60 Minutes recently ran a story on the H1B Visa program that showed the impossible situation many American workers found themselves in when they were told to train their own replacements. These workers from foreign countries were a part of the H1B Visa program, which is intended to save taxpayers millions of dollars through outsourcing, but the alleged long-term benefits for taxpayers are of no comfort to those who are facing the loss of their jobs.

American workers interviewed about the situation were still having trouble “wrapping their minds” around actually being forced to train someone to take their own position; their livelihood. Workers agreed with interviewers that the situation feels like being forced to dig their own grave…and then get in it.

Robert Harrison, one of the workers interviewed regarding the situation, is an engineer previously employed by UCSF Medical. Harrison was fired along with 80 of his co-workers recently when their jobs were outsourced to India. Before leaving his position, Harrison, like his coworkers, was forced to train his own replacement. The situation left Harrison, and many American workers in similar situations, outraged and angry. Harrison had to sit next to the worker chosen to replace him in his position at UCSF Medical - wishing the entire time that he wasn’t being forced to work with his own replacement sitting next to him “shadowing” him and attempting to learn all that he knows in order to step into Harrison’s place at the company. Yet doing so was the only way to ensure that he would receive pay through February 2017 as well as a promised bonus. Making the full pay contingent upon fulfilling obligations to train replacements left Harrison, and many like him, with his hands tied.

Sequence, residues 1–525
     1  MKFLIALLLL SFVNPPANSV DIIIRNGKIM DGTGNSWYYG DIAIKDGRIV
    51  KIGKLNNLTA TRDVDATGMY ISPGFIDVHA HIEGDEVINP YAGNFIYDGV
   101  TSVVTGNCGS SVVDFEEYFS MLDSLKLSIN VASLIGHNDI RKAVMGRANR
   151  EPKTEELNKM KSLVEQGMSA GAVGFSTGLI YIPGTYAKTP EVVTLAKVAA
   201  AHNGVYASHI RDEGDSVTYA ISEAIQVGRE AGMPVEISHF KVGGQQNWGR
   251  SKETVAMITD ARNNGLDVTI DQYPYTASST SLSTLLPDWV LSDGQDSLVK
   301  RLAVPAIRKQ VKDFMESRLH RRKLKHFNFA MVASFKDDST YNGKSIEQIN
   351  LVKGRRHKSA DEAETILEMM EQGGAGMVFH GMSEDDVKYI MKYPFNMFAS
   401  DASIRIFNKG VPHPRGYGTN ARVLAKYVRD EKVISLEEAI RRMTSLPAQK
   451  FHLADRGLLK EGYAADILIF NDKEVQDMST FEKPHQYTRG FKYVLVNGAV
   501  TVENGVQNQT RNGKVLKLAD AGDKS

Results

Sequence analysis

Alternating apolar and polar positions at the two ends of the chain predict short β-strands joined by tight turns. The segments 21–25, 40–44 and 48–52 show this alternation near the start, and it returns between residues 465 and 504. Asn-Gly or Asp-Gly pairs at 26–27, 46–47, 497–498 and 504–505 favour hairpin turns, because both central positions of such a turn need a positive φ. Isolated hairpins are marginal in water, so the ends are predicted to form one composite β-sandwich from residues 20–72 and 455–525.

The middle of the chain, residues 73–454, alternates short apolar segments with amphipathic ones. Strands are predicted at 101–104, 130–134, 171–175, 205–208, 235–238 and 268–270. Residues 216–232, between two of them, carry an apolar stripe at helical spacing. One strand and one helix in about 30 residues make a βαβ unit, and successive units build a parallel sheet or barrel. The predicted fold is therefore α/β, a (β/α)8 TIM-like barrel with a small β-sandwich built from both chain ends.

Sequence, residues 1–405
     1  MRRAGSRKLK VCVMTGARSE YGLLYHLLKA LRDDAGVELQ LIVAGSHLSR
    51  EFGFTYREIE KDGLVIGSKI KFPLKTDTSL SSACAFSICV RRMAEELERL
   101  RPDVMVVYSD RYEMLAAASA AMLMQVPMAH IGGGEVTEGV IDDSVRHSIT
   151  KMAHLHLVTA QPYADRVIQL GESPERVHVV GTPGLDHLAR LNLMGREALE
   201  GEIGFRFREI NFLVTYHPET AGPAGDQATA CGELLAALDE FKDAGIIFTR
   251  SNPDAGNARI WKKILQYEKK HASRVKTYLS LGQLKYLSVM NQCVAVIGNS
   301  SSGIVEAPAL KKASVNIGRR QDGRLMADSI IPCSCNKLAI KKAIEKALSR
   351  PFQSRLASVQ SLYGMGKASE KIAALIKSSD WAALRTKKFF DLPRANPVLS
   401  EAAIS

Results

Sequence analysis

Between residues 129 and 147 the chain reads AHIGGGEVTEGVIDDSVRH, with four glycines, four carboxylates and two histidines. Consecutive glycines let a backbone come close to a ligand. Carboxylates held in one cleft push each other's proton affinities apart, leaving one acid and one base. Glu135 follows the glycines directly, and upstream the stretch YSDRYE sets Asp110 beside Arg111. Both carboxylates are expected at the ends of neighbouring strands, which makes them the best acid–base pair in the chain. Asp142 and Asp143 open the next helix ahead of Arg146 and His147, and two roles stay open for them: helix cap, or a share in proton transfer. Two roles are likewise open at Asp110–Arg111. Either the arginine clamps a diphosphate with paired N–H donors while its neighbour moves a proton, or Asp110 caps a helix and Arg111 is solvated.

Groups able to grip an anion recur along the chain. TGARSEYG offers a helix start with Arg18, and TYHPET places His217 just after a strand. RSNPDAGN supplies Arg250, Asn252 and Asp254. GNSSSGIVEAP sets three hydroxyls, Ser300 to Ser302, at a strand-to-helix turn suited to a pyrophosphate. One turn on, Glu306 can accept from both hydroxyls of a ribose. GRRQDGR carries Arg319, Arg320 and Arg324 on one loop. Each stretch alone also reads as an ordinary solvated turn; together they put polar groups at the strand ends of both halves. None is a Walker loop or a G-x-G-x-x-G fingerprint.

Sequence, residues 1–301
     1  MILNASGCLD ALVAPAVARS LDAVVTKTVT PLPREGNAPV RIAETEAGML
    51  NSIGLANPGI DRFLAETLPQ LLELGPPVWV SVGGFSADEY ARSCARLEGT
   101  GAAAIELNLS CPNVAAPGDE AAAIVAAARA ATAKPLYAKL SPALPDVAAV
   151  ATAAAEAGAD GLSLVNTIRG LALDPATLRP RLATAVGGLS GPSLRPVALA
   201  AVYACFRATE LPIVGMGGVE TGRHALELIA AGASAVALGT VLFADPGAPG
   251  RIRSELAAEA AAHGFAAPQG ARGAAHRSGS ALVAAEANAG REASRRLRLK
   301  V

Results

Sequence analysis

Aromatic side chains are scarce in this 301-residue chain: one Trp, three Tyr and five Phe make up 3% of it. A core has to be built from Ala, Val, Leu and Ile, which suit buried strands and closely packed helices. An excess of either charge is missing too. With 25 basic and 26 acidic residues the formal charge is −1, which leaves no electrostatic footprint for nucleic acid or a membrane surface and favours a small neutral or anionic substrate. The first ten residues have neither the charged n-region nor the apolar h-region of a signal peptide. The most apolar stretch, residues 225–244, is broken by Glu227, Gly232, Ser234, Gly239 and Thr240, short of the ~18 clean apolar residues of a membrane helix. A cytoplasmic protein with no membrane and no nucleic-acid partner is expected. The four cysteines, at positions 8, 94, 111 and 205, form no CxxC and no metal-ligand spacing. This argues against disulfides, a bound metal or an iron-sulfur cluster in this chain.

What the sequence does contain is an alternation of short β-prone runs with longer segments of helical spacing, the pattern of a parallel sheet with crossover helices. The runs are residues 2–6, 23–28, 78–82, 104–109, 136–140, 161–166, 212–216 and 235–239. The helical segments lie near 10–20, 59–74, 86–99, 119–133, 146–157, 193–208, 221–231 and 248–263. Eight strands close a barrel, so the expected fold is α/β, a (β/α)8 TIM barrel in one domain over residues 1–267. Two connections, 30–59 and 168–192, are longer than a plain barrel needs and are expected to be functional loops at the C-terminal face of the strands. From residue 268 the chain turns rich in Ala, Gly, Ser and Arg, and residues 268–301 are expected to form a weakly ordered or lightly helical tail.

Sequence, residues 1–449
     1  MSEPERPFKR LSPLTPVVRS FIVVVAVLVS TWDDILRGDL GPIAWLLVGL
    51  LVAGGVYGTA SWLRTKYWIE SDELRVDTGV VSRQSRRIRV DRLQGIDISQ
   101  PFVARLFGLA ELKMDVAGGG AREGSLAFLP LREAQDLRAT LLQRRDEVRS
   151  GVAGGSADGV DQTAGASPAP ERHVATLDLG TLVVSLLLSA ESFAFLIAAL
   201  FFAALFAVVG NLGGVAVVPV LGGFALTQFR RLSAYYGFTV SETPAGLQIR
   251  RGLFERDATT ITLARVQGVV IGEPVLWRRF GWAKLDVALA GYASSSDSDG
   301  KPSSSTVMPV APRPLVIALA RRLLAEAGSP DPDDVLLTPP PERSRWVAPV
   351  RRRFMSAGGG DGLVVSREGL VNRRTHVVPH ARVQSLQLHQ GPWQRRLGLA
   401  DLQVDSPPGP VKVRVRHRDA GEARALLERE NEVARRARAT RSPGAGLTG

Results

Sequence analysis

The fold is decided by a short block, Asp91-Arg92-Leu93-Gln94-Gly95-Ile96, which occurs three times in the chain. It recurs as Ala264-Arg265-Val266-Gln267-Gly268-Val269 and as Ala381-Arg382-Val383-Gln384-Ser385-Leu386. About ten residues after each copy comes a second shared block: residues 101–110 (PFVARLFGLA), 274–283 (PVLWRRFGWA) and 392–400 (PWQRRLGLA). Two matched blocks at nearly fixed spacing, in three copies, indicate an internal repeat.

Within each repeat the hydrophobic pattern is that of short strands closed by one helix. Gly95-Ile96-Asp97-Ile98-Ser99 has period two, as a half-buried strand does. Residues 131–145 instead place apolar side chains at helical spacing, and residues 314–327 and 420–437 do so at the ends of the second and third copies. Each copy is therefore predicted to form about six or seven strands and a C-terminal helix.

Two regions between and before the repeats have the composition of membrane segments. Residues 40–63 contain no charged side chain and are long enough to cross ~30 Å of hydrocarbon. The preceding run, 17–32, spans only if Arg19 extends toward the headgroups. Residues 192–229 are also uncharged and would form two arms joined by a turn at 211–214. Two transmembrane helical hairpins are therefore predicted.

Representation for hundreds of workers who have been fired from their jobs in favor of foreign workers with H1B Visas stated emphatically that the situation should offend everyone. She insists that no one should be told that they are losing their job because they are being replaced by cheap, foreign labor. It is an insult to each and every worker being forced to train their own replacements and seek employment elsewhere.